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Creating your gayby baby

BECOMING a PARENT is a huge and life-changing event no matter what your sexual orientation.


Lesbians have many more issues to consider as they ponder taking this big step. Before getting started on your path to motherhood, you may want to ask yourself (and your partner if you have one) the following important questions:


  • Am I flying solo or am I doing this with my partner?

  • Who will carry our child?

  • Whose embryos/sperm will we use?

  • Will we change our names?

  • What will the child call me and my partner?

  • Whose surname will the child have?

  • Will all of our children have the same surname?

  • Will/can my partner and I both carry a child?

  • Do we have to go to a fertility clinic?

  • Can we get pregnant at home?

  • Do we have to go overseas to get pregnant?

  • Where will we get egg/sperm from?

  • Will we use the same egg/sperm donor for each child?

  • Will we use a known donor or anonymous donor?

  • Will we tell them about the donor?

  • What will they call the donor?

  • How much involvement will the donor have?

  • What role will the donor’s partner/family play?

  • Will/can we document an agreement with the donor?

  • Can we both be on the birth certificate as mothers/fathers?

  • Will the donor be listed on the birth certificate as the mother/father?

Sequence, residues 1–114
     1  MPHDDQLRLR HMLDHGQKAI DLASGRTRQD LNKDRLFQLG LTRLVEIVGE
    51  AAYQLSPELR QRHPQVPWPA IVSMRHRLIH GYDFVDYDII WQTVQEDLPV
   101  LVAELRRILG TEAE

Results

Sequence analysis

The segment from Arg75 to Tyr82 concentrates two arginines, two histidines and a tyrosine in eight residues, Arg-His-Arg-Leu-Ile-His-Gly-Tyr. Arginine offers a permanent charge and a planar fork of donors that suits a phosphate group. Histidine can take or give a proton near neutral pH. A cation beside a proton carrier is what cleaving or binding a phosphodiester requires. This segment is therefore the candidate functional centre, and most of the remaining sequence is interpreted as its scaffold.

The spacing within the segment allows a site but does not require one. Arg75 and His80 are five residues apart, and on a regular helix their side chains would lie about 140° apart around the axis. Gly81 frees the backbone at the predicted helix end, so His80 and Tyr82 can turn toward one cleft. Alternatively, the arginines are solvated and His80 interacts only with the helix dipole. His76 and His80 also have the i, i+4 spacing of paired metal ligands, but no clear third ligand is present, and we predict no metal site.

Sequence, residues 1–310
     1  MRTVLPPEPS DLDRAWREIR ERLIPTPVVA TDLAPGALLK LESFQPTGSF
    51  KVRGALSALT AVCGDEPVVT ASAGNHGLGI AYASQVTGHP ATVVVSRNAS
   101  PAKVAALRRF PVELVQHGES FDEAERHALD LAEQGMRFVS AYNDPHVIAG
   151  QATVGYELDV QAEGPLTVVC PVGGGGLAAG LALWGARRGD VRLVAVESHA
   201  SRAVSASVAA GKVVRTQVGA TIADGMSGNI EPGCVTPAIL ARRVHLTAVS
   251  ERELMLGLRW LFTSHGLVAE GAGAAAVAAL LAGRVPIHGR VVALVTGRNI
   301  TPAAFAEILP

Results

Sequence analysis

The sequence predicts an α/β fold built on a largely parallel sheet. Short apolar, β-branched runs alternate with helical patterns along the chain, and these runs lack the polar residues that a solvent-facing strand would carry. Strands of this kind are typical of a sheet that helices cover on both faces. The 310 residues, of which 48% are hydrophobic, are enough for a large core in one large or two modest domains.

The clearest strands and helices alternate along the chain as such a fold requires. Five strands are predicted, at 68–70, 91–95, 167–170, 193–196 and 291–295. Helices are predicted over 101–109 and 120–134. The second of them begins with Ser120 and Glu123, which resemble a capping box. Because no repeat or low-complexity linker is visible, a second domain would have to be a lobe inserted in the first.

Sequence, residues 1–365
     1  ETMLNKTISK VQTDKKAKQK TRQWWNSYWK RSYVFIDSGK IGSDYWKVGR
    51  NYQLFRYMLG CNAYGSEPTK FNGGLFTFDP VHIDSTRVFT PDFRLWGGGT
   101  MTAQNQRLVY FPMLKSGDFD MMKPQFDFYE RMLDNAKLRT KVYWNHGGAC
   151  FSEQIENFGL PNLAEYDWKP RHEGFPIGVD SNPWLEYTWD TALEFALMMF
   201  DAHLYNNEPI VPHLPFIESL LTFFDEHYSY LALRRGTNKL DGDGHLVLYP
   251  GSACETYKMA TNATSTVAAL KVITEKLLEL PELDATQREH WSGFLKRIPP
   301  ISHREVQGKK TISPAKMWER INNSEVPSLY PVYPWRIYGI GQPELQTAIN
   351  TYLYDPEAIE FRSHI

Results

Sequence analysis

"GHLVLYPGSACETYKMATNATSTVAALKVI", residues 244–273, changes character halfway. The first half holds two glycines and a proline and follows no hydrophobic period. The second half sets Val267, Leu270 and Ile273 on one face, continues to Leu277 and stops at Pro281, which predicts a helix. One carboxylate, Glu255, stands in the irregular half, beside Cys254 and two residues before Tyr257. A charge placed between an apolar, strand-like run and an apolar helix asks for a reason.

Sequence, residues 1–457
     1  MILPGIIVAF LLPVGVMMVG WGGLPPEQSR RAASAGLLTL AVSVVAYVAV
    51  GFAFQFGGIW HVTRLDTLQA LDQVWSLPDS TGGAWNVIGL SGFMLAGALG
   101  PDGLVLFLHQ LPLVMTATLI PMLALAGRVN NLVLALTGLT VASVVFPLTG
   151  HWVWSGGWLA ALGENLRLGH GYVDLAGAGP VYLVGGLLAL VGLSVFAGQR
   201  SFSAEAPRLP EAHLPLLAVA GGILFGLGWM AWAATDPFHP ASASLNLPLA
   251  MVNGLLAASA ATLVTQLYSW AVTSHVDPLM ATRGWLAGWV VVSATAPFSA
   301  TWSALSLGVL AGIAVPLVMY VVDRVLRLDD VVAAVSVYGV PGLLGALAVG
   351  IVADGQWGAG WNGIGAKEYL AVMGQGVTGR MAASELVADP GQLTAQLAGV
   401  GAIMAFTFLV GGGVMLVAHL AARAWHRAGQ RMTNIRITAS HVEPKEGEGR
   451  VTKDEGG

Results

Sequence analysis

• Will we both be recognised as the legal parents?

  • Will the donor have any legal rights?


Depending upon your answers, your path to parenthood could look very different from another person’s. Some choices will be predetermined by your situation and others might change during the process. No matter how you do it, it’s important to know the relevant laws involved.


What options are available

Australian same-sex individuals and couples who want to become parents nowadays have a wide range of options available to them. These include:


  • Home insemination;

  • IVF and other assisted reproductive procedures;

  • Surrogacy;

  • Fostering; and

  • Adoption.


The laws surrounding these options have rapidly changed in the past few years and you should ensure you understand all the legalities around your chosen family planning path.

For this reason, it’s best before entering into any agreement that you seek advice from a family lawyer with experience in advising and representing same-sex parents.




  1. Before you start the journey to parenthood you should discuss the options available with your partner, a close friend, or someone who has already had a child with a known or unknown donor.

   2. Talk to a fertility clinic and obtain advice on the medical process and costs.

   3. Speak to a family lawyer about the legal aspects specific to your situation.

Note to readers: This information is intended as a guide to the law and should not be used as a substitute for legal advice. While every effort has been made to ensure that the information contained here is as up to date and accurate as possible, the law is complex and constantly changing (particularly relating to same-sex parenting) and readers are advised to seek legal advice in relation to their situation.

If you need legal advice, please contact Nicole Evans from Nicole Evans Lawyers at

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